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Say we had a function $4^k$.

The asymptotic of this function would be $\Theta(4^k)$, and thus we would say the function has exponential run-time.

But what if $k = \log{n}$? Then our same function would be $4^k = 4^{\log{n}} = n^{\log{4}} \in \Theta(n^{\log{4}})$.

(Step 2 to 3 is accomplished via a change of logarithm base).

Would we now say the function runs in polynomial time?

Or something more nuanced, like

“The function is exponential in respect to k, and polynomial in respect to n”?

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Your question is more a question about language than about computer science and you are confusing functions and runtimes of algorithms.

$O, \Theta, o$ are mathematical tools to compare functions but it stops there. Functions are functions, mapping values to values and do not have a "runtime".

Algorithms have runtime which is the function that maps a size $n$ with the maximal time needed by this algorithm to solve instances of size $n$.

$O, \Theta...$ notations are about functions. In your first example, you have a function $k \mapsto 4^k$. This function is a function of $k$ and grows exponentially. This function of $k$ is indeed $\Theta(4^k)$ but it is also $\Theta(4^{k+1})$ because $(1/4) 4^{k+1} \leq 4^k \leq 4^{k+1} $. It is also $\Theta(4^{k+489})$ for what it is worth. So there is nothing unique about this. It is simply a way of focusing on the main part of a function when we are only interested in its asymptomatic behavior.

If you have an algorithm which runs in time $4^k$ it means its runtime, which is a function, is $4^k$, that is, when the size of the input is $k$ then the algorithm finished in less that $4^k$ steps and for some input of size $k$, you need $4^k$ steps. In this case, this algorithm runs in exponential time.

If you have an algorithm which runs in time $\Theta(4^k)$, it means that the runtime of the algorithm, which is a function, is $\Theta(4^k)$ and indeed you have an exponential time algorithm.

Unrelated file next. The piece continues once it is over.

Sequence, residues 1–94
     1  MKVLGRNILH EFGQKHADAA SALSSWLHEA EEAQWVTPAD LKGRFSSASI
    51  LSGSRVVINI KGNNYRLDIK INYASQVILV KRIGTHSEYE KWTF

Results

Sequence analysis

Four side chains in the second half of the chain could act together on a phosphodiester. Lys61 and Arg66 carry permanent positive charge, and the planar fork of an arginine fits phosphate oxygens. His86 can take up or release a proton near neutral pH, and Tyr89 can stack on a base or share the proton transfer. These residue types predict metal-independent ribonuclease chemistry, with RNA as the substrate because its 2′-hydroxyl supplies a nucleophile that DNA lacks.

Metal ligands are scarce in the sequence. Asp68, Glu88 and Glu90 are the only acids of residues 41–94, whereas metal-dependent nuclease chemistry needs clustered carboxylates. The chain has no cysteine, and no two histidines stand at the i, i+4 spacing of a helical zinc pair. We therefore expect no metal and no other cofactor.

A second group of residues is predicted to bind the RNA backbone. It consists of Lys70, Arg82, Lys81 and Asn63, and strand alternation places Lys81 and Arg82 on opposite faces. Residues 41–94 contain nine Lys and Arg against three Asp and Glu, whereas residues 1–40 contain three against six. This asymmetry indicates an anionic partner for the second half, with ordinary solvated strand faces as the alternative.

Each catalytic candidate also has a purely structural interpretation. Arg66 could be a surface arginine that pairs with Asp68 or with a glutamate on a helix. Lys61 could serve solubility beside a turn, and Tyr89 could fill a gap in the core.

If you have an algorithm which runs in time $O(4^k)$, it means that the runtime of the algorithm, which is a function, is $O(4^k)$. In this case, you cannot say for sure that your algorithm runs in exponential time. It may well be that the true runtime of your algorithm is $\Theta(k)$ but that you haven't proven it yet.

Now you ask what if "$k=\log(n)$". In this case, you are now talking about the following fuction: $n \mapsto 4^{\log n}$ which turns out to be $n^{\log 4}$ which is indeed bounded by a polynomial in $n$. So if you have an algorithm which runs in time $n^{\log 4}$ on input of size $n$ then this algorithm runs in polynomial time.

But if your algorithm runs in time $n^{\log 4}$ for input of size $\log(n)$, then this algorithm runs in exponential time.

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The asymptotic behaviour of a function always depends on the parameter in the function. So for your example, I'd say that claiming that the function is exponential w.r.t. $k$, but polynomial w.r.t. to $n$ is correct.

When we look at the running time of algorithms, we consider it to be a function of the size of the input (usually the number of bits in a binary encoding). So, for an algorithm, it is always well defined whether it is for instance polynomial or not, but this can depend on how you define or encode your input.

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  • $\begingroup$ Thanks! If an algorithm is polynomial in terms of bits, it is also polynomial in terms of digits since change of base is a constant factor. If there existed a numbering system in which change of base was a non constant factor, does this mean the runtime of the algorithm can be reduced as well? Say, N is n-bits (so it’s < 2^n in size), but in a new numering system it was log-n “bits”. $\endgroup$ – Sentient Jan 19 '18 at 8:41
  • $\begingroup$ @Sentient There is no need to bring up new bases. There is one base where the change is not a constant factor: unary. Indeed, for all bases but unary, we can encode a number n in $\Theta(\log n)$ bits, but for unary we must use $\Theta(n)$ bits. Algorithms where them being polynomial depends on whether the input is encoded in binary or unary are called Pseudo-Polynomial. $\endgroup$ – Discrete lizard Jan 19 '18 at 12:13

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